While most IoT devices already function using low power mode, their life span is still dependent on the battery technology used to power them. As the location of these sensors become more precarious, the reliability decreases. Battery replacement becomes a dangerous job, and in some cases, it is more feasible to deliver a new sensor than to replace the batteries on an already functioning one.
Based on their lower power consumption, replacing the battery on IoT devices might be more straightforward than initially thought. A team from Cranfield University in the UK has developed a method of harvesting piezoelectric energy, converting the natural vibrations of a wind turbine and turning it into viable power for an IoT sensor. The implications for IoT devices are far-reaching since it means that devices can be deployed and be able to manage their own energy production and maintenance.
More than A Single Methodology
While generating electricity from the vibrations of a device’s housing might be feasible in some locations, in others there just isn’t any inertial energy to work with. As an alternative, Alta Devices in Silicon Valley have developed a solar cell which it claims is more flexible, efficient, and lightweight than existing photovoltaic cells. They have made an appearance in recent years to power tiny, affordable satellites which have been used by US secondary and tertiary students for atmospheric research.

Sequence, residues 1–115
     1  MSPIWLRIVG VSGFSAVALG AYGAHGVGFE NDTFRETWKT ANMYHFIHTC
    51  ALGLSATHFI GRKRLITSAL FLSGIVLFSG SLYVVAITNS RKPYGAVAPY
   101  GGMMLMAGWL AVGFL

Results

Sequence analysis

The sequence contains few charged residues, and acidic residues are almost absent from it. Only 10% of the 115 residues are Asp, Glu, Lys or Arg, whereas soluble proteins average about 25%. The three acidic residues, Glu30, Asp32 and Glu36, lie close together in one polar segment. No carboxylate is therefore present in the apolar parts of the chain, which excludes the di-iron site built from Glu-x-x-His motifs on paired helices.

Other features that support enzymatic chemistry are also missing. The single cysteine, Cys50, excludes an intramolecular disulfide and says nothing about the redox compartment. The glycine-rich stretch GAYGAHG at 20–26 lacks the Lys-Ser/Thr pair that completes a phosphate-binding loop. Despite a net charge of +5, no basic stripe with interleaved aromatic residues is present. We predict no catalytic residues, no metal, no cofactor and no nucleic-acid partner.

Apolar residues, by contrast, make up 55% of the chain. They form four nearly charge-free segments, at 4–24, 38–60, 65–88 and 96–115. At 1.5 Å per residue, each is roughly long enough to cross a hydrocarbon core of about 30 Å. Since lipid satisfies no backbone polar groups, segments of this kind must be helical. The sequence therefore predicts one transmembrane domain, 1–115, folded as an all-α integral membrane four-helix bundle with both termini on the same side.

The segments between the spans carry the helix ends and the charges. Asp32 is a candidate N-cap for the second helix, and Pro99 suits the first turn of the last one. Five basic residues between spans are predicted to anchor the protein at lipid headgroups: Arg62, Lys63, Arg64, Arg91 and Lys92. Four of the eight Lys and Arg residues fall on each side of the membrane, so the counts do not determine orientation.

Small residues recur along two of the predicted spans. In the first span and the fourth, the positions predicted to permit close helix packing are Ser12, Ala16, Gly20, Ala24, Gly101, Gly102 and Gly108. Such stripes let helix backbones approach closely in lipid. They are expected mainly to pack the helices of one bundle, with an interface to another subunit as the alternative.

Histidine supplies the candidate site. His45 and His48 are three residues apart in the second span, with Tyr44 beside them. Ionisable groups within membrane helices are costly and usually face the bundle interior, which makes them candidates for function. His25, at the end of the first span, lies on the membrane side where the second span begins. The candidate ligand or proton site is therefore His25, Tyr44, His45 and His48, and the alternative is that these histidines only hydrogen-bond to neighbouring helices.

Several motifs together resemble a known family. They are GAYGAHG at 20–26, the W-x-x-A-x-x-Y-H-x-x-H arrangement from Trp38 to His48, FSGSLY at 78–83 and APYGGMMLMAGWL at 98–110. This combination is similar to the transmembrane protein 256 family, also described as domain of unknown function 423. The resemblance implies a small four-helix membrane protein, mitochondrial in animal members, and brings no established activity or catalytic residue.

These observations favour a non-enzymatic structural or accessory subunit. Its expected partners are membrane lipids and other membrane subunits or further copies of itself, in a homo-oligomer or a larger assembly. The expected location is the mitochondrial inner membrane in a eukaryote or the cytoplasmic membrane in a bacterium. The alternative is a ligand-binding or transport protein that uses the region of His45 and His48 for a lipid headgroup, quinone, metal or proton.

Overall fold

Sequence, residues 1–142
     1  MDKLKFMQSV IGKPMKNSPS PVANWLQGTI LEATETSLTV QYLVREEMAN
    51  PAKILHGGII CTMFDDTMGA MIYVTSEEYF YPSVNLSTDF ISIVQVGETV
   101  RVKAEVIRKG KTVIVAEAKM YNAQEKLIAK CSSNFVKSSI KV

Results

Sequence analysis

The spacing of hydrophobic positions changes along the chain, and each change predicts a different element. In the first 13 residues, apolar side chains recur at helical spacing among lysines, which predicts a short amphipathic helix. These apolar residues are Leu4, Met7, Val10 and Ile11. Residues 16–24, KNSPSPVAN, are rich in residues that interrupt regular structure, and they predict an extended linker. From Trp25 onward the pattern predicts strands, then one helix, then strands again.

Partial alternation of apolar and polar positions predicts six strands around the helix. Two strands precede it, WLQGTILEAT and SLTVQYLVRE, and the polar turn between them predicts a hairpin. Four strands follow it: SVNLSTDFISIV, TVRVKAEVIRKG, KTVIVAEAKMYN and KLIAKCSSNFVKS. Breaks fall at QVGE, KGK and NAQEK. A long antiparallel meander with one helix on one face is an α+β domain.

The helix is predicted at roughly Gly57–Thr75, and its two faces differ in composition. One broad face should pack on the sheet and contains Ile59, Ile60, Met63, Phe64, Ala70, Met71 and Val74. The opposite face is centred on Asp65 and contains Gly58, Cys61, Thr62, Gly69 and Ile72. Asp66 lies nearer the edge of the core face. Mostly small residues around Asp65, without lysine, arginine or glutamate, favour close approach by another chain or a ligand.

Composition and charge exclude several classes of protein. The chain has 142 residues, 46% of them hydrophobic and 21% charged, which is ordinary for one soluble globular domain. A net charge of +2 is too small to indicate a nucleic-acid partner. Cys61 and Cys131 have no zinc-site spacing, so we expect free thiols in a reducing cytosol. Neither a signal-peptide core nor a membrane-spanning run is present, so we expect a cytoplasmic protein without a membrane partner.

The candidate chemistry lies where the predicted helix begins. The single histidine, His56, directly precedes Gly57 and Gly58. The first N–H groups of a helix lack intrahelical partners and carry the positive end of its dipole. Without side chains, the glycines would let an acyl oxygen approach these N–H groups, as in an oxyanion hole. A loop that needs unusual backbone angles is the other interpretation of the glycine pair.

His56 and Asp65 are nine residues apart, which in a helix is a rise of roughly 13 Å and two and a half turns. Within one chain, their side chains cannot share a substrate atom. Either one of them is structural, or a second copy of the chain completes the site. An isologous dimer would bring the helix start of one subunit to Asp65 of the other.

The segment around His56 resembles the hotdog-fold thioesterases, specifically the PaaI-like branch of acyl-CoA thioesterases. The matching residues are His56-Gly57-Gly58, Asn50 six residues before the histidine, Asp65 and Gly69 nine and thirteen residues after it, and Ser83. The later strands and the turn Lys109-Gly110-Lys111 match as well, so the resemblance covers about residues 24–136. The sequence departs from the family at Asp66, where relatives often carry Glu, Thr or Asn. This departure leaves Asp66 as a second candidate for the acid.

Long Term Outlook
As IoT devices expand, battery manufacturers will be unable to keep up with the need, and they will require alternative power sources to keep their machines running. UK manufacturer Arm estimates that to power one trillion IoT devices would require three times the amount of lithium currently used in rechargeable batteries worldwide. As the scope of IoT devices expands, the need to battery-less technology to power them will soar. The happy balance where IoT device usage meets low-power operating systems that use alternative means for their power requirements is the goal for device manufacturers.